Dual capacity: This occurs when the employee's injury or death is caused by a faulty product manufactured by the employer. In such cases the employer is an employer, but also the manufacturer of a defective product that injured or killed the employee. For example, if you are using a faulty product manufactured by your employer that is also for sale to the general public for similar use, you are treated as a consumer as opposed to an employee. This change in relationship essentially gives you the right to sue your employer.
Lack of workers' compensation insurance: Under California law, all employers are required to have workers' compensation insurance. If an employer fails to secure workers' compensation insurance as required by law, employees have the right to sue their employer to receive compensatory damages for the injuries they have suffered on the job.
When workers sue employers in this situation, employees don't have to prove that the employers were at fault. The burden of proof in these cases is on the employer to prove that they were not at fault. Employers also cannot say that the employee was partially at fault or another employee was at fault. This is the penalty employers face for not having workers' compensation insurance. When an injured worker files a workers' compensation claim form and the company lacks insurance, a state agency may step in and pay benefits awarded so the employee can receive workers' compensation benefits in a timely manner.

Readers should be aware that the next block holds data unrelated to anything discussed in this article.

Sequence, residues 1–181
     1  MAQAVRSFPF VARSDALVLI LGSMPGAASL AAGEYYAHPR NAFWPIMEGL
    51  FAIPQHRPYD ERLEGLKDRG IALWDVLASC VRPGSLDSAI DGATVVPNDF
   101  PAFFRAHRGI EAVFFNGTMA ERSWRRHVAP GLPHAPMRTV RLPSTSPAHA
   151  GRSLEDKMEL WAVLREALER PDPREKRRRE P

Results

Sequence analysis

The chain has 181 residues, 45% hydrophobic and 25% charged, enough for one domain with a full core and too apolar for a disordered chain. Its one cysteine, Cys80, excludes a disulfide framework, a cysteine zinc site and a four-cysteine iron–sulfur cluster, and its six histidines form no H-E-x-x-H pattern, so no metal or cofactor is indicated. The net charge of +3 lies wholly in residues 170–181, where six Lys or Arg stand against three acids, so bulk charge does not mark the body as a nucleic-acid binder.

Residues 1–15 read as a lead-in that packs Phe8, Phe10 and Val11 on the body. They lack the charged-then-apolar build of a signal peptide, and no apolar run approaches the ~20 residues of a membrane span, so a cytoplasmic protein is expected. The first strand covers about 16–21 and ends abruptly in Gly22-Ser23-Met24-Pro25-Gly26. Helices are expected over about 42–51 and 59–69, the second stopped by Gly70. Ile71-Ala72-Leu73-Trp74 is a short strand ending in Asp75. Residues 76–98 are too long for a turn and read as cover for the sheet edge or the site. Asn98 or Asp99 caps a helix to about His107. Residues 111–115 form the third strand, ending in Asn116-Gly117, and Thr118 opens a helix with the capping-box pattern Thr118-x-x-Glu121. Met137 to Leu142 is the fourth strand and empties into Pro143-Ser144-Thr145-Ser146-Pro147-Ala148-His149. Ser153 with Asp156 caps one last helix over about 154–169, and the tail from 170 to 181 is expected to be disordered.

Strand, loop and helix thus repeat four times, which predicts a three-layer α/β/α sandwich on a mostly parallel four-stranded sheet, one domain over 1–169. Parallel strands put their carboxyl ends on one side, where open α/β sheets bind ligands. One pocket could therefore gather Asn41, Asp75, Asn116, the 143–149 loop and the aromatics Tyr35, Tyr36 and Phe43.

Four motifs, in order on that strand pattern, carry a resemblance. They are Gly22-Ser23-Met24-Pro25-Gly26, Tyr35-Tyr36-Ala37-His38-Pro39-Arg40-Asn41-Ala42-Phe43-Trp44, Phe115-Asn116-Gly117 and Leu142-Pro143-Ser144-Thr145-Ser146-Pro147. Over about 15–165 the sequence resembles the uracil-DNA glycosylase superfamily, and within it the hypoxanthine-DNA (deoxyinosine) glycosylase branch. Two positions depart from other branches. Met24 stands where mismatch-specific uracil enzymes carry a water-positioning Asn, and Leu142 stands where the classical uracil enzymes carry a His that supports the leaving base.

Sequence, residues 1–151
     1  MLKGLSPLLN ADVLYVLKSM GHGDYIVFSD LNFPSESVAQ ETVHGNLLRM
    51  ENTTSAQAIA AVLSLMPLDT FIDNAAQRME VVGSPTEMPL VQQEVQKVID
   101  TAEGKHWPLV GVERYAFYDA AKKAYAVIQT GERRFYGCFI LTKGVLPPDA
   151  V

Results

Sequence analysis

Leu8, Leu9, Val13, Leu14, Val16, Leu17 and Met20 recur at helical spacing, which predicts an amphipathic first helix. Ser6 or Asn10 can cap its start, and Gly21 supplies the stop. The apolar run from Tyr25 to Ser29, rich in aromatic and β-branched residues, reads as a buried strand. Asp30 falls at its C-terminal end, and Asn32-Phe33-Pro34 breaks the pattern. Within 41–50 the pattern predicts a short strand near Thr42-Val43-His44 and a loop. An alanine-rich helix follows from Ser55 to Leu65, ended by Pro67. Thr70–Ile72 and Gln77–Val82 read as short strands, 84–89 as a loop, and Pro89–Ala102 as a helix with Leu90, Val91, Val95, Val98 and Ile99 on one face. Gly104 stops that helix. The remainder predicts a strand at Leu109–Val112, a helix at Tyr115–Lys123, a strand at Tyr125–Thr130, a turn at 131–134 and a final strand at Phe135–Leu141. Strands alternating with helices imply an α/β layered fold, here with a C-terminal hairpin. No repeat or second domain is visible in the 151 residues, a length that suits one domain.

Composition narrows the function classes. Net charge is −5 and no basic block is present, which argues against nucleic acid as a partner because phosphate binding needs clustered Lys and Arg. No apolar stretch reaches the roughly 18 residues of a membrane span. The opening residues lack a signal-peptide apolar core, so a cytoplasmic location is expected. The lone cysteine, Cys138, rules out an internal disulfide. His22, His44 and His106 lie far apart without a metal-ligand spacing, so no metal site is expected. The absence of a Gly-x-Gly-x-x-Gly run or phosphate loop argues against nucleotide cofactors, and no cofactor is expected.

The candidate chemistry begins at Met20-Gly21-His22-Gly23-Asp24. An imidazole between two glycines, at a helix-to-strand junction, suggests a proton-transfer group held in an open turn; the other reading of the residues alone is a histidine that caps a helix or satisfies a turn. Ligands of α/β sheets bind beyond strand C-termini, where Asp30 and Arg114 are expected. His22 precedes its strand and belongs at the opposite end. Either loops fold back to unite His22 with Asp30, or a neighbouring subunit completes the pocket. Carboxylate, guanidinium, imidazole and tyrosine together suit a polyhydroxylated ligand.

Wrongful Denial or Termination of Workers' Comp Benefits
Typically, workers' compensation claims are pursued through the administrative process and not the civil court system. Until the administrative process has been completely exhausted and all parties have taken every possible step to settle a claim, you won't be able to appeal your benefits award. Workers must appeal to a workers' compensation board or s specially nominated court.
Only after you have satisfied all processes and procedures can you seek relief in the civil court system. To make sure you are fully aware of your rights, it is important that you retain the services of a work injury attorney who is familiar with the workers' compensation system in California and knows how to seek other avenues of compensation to maximize recovery for injured workers.
How a Work Injury Lawyer Can Help
When you are injured on the job, it may not always be clear to you if you should pursue a workers' compensation claim, file a third-party lawsuit, sue your employer or take multiple approaches. If you require assistance in determining your next steps, our experienced Los Angeles work injury lawyers can help you. Our attorneys know that the aftermath of a work injury can be an extremely trying time for workers and their families. Not only are injured workers facing financial and physical challenges, but also tremendous emotional stress. We are here to help you. Call Greenberg & Ruby LLP at (323) 782-0535 to obtain more information about pursuing your legal rights.